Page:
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Newfoundland and Labrador Premier Dwight Ball is testifying at the inquiry into the controversial Muskrat Falls dam’s runaway cost and schedule overruns in St. John's, Newfoundland on July 4, 2019.

Holly McKenzie-Sutter/The Canadian Press

Newfoundland and Labrador’s premier says the Muskrat Falls hydro megaproject is currently too much of a massive financial burden for him to be optimistic about its long-term potential.

“I am probably one of the most optimistic people in this room,” Liberal Premier Dwight Ball told the inquiry into the project’s runaway cost and scheduling issues.

“I believe the future is optimistic for Newfoundland Labrador, of course I do. But I’m not going to sit here today and say we have an optimistic future because of the Muskrat Falls project.”

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Ball, who was re-elected on May 16, has been critical of the project since he was opposition leader around the time it was sanctioned by the former Tory government.

He said Friday that despite his criticism of the Labrador dam, which has seen costs essentially double to more than $12.7 billion, he didn’t set out to celebrate a failed project.

He said he still wants to see Muskrat Falls succeed some day through power sales outside the province, but there are immediate challenges – including mitigating power-rate hikes once the dam starts providing full power.

“We were told the project would be $6.2 billion, we’re at $12.7 (billion). We were never told this project would be nearly 30 per cent of the net debt of this province just six, seven years later,” the premier said.

“I wanted this to be successful, and in the long term I still want it to be successful. But we have to deal with the next 10 years.”

The nearly complete dam will harness Labrador’s lower Churchill River to provide electricity to the province as well as Nova Scotia and potentially beyond through subsea cables.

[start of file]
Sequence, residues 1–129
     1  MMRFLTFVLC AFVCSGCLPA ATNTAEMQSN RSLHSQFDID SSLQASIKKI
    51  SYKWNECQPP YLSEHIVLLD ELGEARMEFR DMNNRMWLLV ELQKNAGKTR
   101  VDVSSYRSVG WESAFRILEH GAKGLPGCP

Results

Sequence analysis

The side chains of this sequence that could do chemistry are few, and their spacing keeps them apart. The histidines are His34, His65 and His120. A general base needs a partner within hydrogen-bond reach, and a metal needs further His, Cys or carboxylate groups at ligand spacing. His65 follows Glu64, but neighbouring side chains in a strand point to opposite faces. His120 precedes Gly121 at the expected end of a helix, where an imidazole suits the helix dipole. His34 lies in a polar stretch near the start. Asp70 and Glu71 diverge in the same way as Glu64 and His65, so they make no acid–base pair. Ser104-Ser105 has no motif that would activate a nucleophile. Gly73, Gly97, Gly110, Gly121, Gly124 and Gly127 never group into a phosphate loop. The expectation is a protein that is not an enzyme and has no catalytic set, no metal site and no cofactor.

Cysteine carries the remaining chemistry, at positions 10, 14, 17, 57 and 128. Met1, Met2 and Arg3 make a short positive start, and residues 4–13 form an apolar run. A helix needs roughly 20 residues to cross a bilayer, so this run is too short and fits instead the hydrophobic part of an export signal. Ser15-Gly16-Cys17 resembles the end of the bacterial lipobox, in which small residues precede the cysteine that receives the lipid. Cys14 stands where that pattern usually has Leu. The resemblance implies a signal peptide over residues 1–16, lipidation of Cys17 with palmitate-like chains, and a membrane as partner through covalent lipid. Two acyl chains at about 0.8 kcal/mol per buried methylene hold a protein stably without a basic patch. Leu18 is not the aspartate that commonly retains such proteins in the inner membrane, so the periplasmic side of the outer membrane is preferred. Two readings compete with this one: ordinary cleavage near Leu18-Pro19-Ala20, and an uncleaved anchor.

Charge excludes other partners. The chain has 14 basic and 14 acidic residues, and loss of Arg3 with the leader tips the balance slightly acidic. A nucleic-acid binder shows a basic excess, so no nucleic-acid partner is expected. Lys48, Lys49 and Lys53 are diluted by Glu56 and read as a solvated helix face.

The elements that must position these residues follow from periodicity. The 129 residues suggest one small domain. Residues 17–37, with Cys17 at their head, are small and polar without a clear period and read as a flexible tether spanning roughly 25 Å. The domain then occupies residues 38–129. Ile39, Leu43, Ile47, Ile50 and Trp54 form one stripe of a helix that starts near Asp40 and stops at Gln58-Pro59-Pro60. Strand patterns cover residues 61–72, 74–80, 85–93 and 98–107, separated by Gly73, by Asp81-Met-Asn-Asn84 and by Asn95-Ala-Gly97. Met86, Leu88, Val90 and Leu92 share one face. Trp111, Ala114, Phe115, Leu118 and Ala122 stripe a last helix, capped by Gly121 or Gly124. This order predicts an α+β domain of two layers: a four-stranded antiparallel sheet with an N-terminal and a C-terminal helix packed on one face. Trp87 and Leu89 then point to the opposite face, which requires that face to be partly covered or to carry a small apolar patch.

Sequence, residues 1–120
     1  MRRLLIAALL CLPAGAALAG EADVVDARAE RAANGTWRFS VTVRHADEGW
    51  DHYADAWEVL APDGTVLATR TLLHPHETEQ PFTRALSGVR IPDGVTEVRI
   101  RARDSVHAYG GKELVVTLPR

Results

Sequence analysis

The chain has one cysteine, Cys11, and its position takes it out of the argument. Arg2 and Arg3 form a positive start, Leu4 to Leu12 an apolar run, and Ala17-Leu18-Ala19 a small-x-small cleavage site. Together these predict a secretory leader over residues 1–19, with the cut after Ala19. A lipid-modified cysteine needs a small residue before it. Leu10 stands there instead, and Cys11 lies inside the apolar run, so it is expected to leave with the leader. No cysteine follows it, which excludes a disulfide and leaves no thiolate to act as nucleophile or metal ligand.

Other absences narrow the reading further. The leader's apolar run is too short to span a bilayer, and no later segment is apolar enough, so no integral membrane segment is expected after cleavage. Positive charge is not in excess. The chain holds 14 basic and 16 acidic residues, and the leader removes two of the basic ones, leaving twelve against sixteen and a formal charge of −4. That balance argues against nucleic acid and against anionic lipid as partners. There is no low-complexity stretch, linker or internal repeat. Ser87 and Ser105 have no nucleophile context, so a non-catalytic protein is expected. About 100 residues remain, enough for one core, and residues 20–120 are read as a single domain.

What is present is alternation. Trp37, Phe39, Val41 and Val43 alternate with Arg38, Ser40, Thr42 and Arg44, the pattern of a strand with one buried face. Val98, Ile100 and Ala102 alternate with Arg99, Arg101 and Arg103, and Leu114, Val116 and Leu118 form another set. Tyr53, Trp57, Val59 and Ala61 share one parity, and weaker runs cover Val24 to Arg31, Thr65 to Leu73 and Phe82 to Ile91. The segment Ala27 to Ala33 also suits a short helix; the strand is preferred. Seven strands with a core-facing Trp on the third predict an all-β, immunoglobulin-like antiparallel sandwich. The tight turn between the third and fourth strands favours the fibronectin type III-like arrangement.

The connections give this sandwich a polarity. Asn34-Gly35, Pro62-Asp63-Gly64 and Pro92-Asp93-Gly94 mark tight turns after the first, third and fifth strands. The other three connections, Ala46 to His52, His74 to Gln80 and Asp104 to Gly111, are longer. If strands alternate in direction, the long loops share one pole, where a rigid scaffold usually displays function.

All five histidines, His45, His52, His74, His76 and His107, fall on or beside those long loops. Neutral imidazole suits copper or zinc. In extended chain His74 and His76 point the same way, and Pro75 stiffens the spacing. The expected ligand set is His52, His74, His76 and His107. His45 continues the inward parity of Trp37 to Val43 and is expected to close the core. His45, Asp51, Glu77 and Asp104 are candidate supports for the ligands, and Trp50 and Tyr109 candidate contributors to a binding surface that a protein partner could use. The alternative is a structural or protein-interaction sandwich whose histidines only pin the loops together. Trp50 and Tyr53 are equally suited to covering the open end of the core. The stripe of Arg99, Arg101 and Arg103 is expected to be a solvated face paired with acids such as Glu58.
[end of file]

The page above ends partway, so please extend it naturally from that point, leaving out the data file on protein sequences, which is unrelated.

Ball’s testimony wraps up a crucial phase of hearings in the extensive public inquiry.

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The inquiry has heard from dozens of witnesses, with current and former politicians, bureaucrats, executives and consultants shedding long-demanded light on what went on behind closed doors that made the project go sideways.

Some witnesses have suggested that estimates were intentionally suppressed, and many high-ranking officials, including former premiers, have denied seeing key information about risk.

On Thursday, Ball testified to his shock when he began to understand the true financial state of the project after he was elected premier in 2015.

On Friday, Ball said he has more faith in future of the offshore oil and gas industry, for example, than a mismanaged project that has put immense pressure on residents already struggling to make ends meet.

After his testimony, Ball said he takes some responsibility for a missed opportunity to mitigate methylmercury risks downstream from the dam through capping the reservoir, something he had committed to doing before it is fully flooded this summer.

Still to come is a third phase of hearings on future best practices for issues like managing large-scale projects, two public feedback sessions and closing submissions from lawyers.

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The final report from the inquiry is due before Dec. 31.

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